Magic Lantern for Rebel T2i/550D — Yes!
Canon should clue in – people want functions on their DSLRs that make it more of a professional camera. My school where I teach (the School of Communication at Northern Arizona University in Flagstaff) purchased 18 Canon Rebel T2i. We have limited funds and the price point was perfect, especially when combined with the kit kens, spare battery, Rode VideoMic, Rycote windscreen, 8GB memory card, a 70-300mm lens, UV filters, a Manfrotto 190XB tripod with the 700RC2 head, and a Portabrace bag–which puts the kit at around $1600. (Here’s the B&H list with an audio recorder: http://www.bhphotovideo.com/wl/330BB308FF.)
Yes, we would have loved to purchased the Canon 60D–with its manual control of audio and swivel LCD screen–but $600 is $600.
Why pay an additional $600 when you can get the firmware hack, Magic Lantern, for free? (You should donate to help the cause.) It includes disabling of the automatic gain control (AGC) for audio–which is absolutely key when you want to even attempt to get usable audio in your footage. Furthermore, it puts the audio bars on top of the LCD so you can see what the audio is doing (something that even the Canon 5D2 and 60D don’t do). In addition, it has a spot meter, zebra patterns, histogram, and crop marks for safety zones (for broadcast purposes). You can even dial in color temperature!
I have installed it on one of my school’s Rebels and it works great! Be sure to go to the config menu and save any changes.
I love the fact that the LCD brings up the percentage figure of exposure on the spot meter and it provides the focal length on my zoom lens and it gives me the focal distance of what is in focus (in cm)! This means you can mark focus with tape. Most excellent!
Ok, the pic is a bit blurry because I used a Droid to take this image:
Image by Kurt Lancaster. The audio meters change color (green for within the zone, yellow getting hot, red for clipping). The focus distance is in cm/meters. The exposure percentage occurs within the area of the rectangle, center (which indicates a 6% exposure in the dark are of the Christmas tree). While the histogram hovers above center to the right.
Here’s my short guide (I take no responsibility for failed installs and damage to your camera. Proceed at your own risk):
1) Be sure the Rebel has the latest firmware release (1.0.9). If not, then go to Scroll to the bottom of this page and hit “I agree”: http://web.canon.jp/imaging/eosd/firm-e/eosdigital7/firmware.html You’ll be taken to another page where you can download the firmware. Place the file on your memory card or plug in the USB cable and use the EOS Utility. Put the camera in manual mode on the top dial and dial over to the third toolbar menu. Go to firmware and click on it to update. Let it do it’s thing.
2) Download the firmware: (22 Dec. 2010), scroll to the bottom of the page for the attachment: http://groups.google.com/group/ml-devel/msg/c7b3f6483fa622de and unzip it.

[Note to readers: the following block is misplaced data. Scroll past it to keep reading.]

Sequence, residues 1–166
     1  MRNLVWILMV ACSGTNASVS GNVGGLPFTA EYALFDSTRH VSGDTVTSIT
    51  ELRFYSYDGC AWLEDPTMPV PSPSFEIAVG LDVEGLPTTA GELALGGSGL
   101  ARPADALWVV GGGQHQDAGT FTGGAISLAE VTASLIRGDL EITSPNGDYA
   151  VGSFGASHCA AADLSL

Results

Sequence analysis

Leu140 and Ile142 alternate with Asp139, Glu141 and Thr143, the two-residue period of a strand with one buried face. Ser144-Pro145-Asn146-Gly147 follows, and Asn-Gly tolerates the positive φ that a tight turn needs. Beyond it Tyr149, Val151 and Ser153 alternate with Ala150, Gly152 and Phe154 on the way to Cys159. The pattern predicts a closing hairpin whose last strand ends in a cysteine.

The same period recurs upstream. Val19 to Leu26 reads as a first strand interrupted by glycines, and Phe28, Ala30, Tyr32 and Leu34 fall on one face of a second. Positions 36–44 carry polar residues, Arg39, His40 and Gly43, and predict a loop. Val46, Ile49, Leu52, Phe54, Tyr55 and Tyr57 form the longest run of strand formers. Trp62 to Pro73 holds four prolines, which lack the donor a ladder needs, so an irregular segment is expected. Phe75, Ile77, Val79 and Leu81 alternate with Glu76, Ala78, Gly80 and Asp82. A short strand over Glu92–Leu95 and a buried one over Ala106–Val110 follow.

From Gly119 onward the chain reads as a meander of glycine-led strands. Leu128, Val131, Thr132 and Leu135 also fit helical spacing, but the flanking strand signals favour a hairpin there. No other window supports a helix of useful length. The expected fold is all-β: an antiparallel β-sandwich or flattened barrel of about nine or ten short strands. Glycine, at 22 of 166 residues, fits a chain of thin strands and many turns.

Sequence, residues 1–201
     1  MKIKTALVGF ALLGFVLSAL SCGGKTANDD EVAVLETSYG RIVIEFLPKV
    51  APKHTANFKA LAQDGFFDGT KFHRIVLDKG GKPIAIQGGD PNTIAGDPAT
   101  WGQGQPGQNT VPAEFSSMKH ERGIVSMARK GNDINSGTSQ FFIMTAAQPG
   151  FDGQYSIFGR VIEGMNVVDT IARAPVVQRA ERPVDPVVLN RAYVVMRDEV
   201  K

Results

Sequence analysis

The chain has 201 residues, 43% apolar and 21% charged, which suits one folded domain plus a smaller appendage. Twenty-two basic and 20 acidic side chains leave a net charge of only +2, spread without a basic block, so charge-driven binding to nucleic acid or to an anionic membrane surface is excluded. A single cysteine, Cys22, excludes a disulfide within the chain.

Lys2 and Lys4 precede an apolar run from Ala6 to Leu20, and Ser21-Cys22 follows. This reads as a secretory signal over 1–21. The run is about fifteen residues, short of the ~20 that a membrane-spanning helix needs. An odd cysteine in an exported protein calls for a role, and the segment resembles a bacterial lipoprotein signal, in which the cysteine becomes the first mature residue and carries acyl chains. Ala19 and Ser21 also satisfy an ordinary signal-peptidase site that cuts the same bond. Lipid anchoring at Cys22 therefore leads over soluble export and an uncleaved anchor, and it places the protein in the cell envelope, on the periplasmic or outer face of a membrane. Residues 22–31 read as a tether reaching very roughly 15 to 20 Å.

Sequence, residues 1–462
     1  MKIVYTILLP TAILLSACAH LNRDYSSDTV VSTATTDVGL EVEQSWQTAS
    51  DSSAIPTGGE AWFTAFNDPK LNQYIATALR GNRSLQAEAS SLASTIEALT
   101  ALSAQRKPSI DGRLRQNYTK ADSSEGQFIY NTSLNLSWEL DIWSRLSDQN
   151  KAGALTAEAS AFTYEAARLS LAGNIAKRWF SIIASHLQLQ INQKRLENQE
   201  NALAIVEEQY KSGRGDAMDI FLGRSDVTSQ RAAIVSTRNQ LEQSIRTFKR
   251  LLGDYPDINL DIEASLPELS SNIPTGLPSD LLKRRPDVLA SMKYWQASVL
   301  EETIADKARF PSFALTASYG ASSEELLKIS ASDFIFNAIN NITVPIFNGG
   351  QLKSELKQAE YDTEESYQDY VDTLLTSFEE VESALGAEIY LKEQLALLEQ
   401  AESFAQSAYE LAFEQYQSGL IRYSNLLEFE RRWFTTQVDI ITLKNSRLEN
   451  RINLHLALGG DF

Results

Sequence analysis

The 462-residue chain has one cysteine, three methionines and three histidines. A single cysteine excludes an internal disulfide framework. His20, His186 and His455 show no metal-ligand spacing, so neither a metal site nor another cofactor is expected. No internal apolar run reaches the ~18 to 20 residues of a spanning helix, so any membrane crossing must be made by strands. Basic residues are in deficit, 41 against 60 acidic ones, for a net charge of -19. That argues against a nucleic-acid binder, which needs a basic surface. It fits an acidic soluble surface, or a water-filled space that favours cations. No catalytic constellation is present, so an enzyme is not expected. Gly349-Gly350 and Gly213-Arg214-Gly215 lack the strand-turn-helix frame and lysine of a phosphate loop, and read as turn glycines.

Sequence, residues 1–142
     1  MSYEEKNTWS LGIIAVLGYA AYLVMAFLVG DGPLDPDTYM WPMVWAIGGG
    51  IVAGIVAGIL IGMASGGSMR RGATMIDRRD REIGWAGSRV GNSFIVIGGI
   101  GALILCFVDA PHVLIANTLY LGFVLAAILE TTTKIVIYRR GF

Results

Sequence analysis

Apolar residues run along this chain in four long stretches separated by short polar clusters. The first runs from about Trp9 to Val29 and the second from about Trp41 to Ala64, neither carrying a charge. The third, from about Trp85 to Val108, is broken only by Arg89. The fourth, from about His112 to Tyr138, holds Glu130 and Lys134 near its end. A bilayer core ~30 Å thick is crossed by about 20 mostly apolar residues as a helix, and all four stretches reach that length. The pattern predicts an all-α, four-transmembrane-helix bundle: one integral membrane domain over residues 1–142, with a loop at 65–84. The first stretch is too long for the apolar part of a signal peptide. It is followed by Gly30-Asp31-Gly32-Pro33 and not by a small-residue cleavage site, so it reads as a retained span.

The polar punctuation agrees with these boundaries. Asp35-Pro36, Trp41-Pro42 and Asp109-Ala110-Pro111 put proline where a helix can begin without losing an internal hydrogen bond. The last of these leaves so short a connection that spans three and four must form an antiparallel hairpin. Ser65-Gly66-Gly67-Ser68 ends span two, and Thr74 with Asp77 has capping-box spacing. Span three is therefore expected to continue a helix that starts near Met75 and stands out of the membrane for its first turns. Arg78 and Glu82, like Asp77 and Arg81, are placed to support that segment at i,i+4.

3) Plug in your camera’s memory card and copy the magiclantern.fir file to it (don’t place it in any folders).
4) Put the memory card back into the camera.
5) Update the firmware as if you’re doing step 1.
6) Pull out the battery for about 5 seconds and turn the camera off.
7) Put the memory card back into the computer.
8. Make the card bootable. The Magic Lantern Firmware Wiki shows steps for doing this for the Mac and PC. MacBoot did not make the card bootable. I went to a PC and downloaded EOScard (which is on the Magic Lantern wiki page). Just right click on the hyperlink on the wiki and you can download it. As stated on the page, “Select your SD card drive, check EOS_DEVELOP and BOOTDISK and hit Save.”
9) Delete magiclantern.fir from the memory card.
10) Go to your Magic Lantern folder and copy over the autoexec.bin, all the *.bmp files, and the magic.cfg file to the memory card.
11) Plug it back into the camera and put the camera in video mode. Turn on the camera and hit the delete button to bring up the menu.
12) The camera will use Magic Lantern with this card. If you want to use it on other cards, then you will need to install the same files listed on step 10.
13) Read the Users Guide to see what each function does. My settings:
Default settings for audio, including AudioMeter: ON
Global Draw: ON (turn it OFF and ON again by using the SET button)–this will clear the Magic Lantern text on the LCD screen
Zebras: OFF (I prefer to see my shot without all the red and blue graphics getting in the way)
CropM: OFF (I only need it if I want the “safety” zones, which I really don’t worry about)
Trap Focus: OFF
ISO: Here you can dial in ISO settings beyond what Canon provides.
Shutter: You can choose shutter increments beyond what Canon provides.
White Bal: Hit the SET button to dial in your color temperature [the Display will still shot the
Brack [Test bracket]–I don’t use it.
Focus–I don’t use this since I focus manually.
Debug–CAREFUL here. The only I do here is hit “Save config” after I’ve made changes, so when I turn off the camera and turn it back on again, it’ll keep the settings I chose.
Kurt Lancaster, PhD, is the author of “DSLR Cinema: Crafting the Film Look with Video, Focal Press, 2011.” He teaches digital filmmaking and multimedia journalism at Northern Arizona University’s School of Communication.